Apple’s Allegedly Facing Challenges Adding Wireless Charging to iPad Pro

Is a glass Apple logo the solution?
MagSafe Battery Pack Concept on iPad Pro Credit: Konstantin Milenin / Twitter
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With Apple’s eager embrace of wireless charging for the iPhone, it’s been reasonable to assume that the technology will eventually come to its iPad lineup as well. However, it turns out this isn’t as simple as you might think.

We’ve been hearing solid reports since last spring that Apple isn’t just working on basic one-way wireless charging, but that the company is also hoping to add reverse wireless charging, allowing an iPhone or a set of AirPods to be juiced back up from an iPad Pro.

It’s a feature that makes sense with the iPad’s larger battery capacity, but there’s still one important obstacle that’s quite literally getting in the way of wireless charging: the iPad’s metal back.

Since Qi wireless charging uses magnetic induction to deliver power to a device’s battery, it naturally doesn’t work through metal. Even the lightweight aluminum design of the iPad Pro is enough to interfere with standard wireless charging signals, and it definitely doesn’t lend itself to Apple’s MagSafe technology.

This is why the iPhone switched to glass for the back when wireless charging debuted in 2017, and the consensus has been that this year’s iPad Pro would do the same, but it turns out that may not be the case.

A new report from 9to5Mac’s Filipe Espósito reveals that Apple’s designers aren’t too keen on the idea of going with an entirely glass back on the iPad, since it would make the product considerably more fragile.

The larger surface area of the iPad would make it more prone to damage, and of course many users also handle and use an iPad very differently from how they use an iPhone.

According to 9to5Mac’s sources, there’s a good chance that Apple has already prototyped and abandoned the rumoured glass design as an unacceptable compromise; however, that doesn’t mean it’s given up on wireless charging — it’s simply trying a more novel approach.

Sources say that Apple is now working with prototypes with an aluminum back surrounding a larger Apple logo that’s made from glass.

Espósito notes that the logo would be similar in size to what’s found on the new MacBook Pro — large enough to accommodate a standard MagSafe ring and pass power through from a wireless charger into the iPad Pro’s internal circuitry.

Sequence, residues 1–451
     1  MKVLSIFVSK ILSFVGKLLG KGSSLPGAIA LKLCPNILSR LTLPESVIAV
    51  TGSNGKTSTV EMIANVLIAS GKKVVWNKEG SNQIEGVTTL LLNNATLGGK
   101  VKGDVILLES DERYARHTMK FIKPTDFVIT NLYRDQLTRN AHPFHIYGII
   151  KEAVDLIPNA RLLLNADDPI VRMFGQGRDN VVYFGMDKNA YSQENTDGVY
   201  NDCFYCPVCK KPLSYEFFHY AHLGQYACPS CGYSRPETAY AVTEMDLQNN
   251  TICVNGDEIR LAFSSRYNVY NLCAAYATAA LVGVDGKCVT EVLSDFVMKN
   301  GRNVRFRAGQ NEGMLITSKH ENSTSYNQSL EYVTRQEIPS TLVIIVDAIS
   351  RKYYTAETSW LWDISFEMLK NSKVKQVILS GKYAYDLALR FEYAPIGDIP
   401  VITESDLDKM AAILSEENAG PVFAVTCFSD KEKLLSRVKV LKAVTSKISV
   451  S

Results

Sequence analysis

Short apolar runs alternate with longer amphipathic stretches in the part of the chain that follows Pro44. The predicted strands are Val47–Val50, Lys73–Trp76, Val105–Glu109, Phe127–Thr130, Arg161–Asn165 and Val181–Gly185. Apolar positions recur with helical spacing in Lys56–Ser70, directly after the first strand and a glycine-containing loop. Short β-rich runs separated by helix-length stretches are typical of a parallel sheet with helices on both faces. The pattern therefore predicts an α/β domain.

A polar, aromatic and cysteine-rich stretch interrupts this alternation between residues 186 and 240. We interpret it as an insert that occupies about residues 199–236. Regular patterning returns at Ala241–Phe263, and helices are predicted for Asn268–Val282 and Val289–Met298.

The prototype is also reportedly using stronger magnets to ensure a more secure hold, which is understandably necessary considering the larger size and weight of the iPad Pro, and the greater likelihood that it would be used while attached to a MagSafe charger.

Apple is also working on providing even faster charging speeds to the iPad Pro than the 15W that MagSafe is currently capable of delivering.

That would undoubtedly require a new lineup of MagSafe chargers to accommodate the faster speeds, although it sounds like these will be specific to the iPad, at least for now.

Since MagSafe uses the Qi wireless charging standard, it’s likely that the new iPad Pro would still be capable of charging from any Qi charger, as well as Apple’s current MagSafe chargers for the iPhone. A newer charger would simply be required to deliver the fastest possible wireless charging speeds.

It’s also unlikely we’ll see a port-less iPad Pro anytime soon, and of course wired USB-C charging will continue to be an option for the foreseeable future. It’s unclear from the current crop of rumours if Apple plans to try to get MagSafe charging speeds to match wired charging speeds.

The 2022 iPad Pro will also likely gain the M2 chip that’s expected to arrive in this year’s redesigned MacBook Air and upgraded entry-level 14-inch MacBook Pro, while packing in a larger battery and possibly even the camera module from the iPhone 13. Sources also confirm other recent reports that Apple is still prototyping iPad Pro models with even larger displays, although these aren’t likely to arrive this year.

Along the same lines, Apple is also experimenting with adding a notch to the iPad Pro display to shrink the bezels even further and match the design language of the new MacBook Pro, but there’s been no decision yet on whether it’s actually going to go in that direction.

[The information provided in this article has NOT been confirmed by Apple and may be speculation. Provided details may not be factual. Take all rumors, tech or otherwise, with a grain of salt.]

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